– Ceremony for a King
Aaron Chown was also among the team of PA snappers inside Westminster Abbey during the service.
Mr Chown said: “King Charles III’s coronation marked the first crowning of a British monarch since the invention of digital cameras. It was a momentous event to be part of and to capture in images.
“The particular image stands out as my top pick, thanks to the vibrant colours and pageantry of the event captured in the frame.”
– Russell Brand
James Manning pictured Russell Brand leaving Troubabour Wembley Park theatre in north-west London shortly after allegations about the comedian’s sexual behaviour.
Mr Manning said: “Walking out, the pitch-black night erupted into strobes of flashes left and right, the whole sequence only lasting seconds. While I held down the shutter button I could only hope everything went to plan. Just when I thought it was over, a light in the van gently lit up his face, I rushed to adjust my exposure before getting the picture seen.
“Days following, this picture and others in my set were everywhere, filling all the front pages and articles all over. It was a sigh of relief and the satisfaction was worth every second.”
– Amur leopard cub
Danny Lawson waited hours at Yorkshire Wildlife Park in Doncaster to see Auckley, the only surviving Amur leopard cub born in the European breeding programme in 2023.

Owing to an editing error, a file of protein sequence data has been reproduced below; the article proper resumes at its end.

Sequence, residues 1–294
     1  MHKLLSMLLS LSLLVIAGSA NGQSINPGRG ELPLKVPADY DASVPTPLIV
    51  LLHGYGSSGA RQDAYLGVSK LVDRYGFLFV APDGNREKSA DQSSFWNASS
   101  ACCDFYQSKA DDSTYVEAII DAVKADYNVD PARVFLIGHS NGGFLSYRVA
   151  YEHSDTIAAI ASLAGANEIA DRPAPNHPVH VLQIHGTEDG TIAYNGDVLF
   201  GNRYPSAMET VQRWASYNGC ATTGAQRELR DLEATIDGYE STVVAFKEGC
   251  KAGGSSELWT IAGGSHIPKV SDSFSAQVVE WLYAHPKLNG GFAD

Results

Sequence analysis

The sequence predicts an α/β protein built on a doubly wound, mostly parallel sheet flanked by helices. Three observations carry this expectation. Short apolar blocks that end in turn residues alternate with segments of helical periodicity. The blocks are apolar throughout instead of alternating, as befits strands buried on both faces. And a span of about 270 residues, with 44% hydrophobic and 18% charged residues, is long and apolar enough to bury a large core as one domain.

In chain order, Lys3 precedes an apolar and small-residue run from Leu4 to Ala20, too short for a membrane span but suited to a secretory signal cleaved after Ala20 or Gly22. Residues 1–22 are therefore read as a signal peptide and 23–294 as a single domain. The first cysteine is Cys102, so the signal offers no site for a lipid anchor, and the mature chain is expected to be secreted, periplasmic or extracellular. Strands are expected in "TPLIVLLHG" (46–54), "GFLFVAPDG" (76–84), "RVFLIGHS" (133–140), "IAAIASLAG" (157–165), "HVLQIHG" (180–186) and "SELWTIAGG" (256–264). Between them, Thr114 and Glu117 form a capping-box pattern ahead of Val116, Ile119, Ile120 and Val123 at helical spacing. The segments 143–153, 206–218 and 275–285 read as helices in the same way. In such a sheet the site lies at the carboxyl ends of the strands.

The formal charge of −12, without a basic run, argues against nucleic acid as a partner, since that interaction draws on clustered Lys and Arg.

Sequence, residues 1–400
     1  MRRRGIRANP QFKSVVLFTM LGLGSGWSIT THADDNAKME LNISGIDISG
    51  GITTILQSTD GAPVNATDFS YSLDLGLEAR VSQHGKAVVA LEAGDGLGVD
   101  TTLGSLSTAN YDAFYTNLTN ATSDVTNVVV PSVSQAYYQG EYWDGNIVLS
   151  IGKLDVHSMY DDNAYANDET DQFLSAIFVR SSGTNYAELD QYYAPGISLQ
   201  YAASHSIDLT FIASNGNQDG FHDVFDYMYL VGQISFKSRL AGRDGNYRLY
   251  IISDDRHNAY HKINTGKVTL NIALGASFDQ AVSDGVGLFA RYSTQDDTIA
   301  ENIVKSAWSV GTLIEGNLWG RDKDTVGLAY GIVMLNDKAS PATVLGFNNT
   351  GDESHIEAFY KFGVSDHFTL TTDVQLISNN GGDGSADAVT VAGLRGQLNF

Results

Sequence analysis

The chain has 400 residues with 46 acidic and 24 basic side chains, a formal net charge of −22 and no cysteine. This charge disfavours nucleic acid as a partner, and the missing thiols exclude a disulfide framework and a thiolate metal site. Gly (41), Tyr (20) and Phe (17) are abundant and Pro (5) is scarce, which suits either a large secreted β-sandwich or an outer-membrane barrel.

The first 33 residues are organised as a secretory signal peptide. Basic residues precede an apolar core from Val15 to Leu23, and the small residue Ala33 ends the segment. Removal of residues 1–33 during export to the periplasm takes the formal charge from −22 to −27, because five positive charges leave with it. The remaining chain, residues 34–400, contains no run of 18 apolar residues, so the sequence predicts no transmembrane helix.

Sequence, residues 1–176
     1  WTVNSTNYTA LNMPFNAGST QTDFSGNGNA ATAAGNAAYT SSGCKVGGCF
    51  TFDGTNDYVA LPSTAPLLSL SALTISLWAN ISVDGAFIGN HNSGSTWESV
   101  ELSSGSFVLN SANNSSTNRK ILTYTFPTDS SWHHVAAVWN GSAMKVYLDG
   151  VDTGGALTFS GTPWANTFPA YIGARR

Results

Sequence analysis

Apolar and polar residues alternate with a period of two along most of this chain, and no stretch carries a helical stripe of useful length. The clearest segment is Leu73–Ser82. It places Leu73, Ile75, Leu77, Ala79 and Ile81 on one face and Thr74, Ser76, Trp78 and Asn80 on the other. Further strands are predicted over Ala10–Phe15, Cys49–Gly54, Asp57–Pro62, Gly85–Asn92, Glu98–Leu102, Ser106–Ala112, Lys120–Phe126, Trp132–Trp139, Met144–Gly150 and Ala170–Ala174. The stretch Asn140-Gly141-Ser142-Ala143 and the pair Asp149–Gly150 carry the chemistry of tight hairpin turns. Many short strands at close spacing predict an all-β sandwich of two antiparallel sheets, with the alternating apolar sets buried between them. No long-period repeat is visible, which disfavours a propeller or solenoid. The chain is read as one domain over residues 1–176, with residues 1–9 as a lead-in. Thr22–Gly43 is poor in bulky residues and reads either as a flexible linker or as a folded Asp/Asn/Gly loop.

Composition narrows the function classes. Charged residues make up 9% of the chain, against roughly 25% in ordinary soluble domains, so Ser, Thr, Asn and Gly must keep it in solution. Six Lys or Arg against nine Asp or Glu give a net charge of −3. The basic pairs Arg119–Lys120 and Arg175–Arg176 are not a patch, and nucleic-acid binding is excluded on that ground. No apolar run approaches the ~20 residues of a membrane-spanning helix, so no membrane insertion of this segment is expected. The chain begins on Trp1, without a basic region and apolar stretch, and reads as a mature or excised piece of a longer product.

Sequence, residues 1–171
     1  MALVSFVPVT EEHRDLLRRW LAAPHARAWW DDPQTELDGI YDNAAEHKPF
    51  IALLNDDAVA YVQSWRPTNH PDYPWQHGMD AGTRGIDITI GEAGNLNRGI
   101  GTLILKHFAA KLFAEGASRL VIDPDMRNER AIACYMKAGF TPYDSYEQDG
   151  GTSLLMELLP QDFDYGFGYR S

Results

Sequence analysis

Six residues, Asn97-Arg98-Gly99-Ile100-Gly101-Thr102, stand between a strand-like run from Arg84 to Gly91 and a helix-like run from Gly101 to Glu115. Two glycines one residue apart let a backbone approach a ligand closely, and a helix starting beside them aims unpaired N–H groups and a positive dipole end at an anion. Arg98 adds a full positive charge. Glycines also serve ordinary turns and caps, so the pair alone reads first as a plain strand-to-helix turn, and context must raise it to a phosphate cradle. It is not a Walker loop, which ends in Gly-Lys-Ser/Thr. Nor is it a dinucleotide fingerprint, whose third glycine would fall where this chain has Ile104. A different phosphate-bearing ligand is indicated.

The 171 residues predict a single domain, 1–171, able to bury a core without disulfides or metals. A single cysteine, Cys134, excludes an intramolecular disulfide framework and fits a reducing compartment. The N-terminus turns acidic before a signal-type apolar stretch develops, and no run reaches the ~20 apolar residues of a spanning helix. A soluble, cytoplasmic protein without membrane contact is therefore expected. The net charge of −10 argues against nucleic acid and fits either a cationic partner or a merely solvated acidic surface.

When the cub emerged with her mother Kristen, Mr Lawson pounced to capture the moment.
Mr Lawson said: “After what seemed like an eternity, the cub and her mother tentatively made their way down a narrow passage linking their housing to the enclosure. They stopped moments before stepping out into open view.
“The image seen here is shot on an extremely powerful telephoto lens. It was taken from the far side of the leopard enclosure looking into the narrow passage where Auckley and her mother had stopped. The photograph has been cropped to add more impact and draw the viewer into the image.
“I only managed to take a couple of photographs before the leopards turned around and returned to their house. They were not seen again for several more hours.”
– Princess of Wales in Scotland
Jane Barlow captured Kate during a service of thanksgiving and dedication for the King and Queen at St Giles’ Cathedral in Edinburgh.
Ms Barlow said: “The inside of the cathedral is very dark, however there was a magical moment at the start of the service where a shaft light, like a spotlight, just seemed to come from nowhere and perfectly illuminated the Princess of Wales.”
– High Court Harry
Jordan Pettitt acted quickly to picture the Duke of Sussex’s surprise High Court arrival in March.
Mr Pettitt said: “I managed to break away from the pack as the Duke of Sussex turned the corner and caught this fleeting moment as he smirks and strolls into the court for the start of the case.
“This shot and others I got from the Duke of Sussex’s impromptu entrance made the front page and inside spreads of the following day’s newspapers.
“I’m particularly pleased with this frame as it marked the start of a landmark court appearance for the prince and it showcases a rare moment of calm amid the frenzy of his entrance.”
– Horse racing At Lingfield
Zac Goodwin was in the right place at the right time to capture a runner and rider competing at Lingfield Park Racecourse.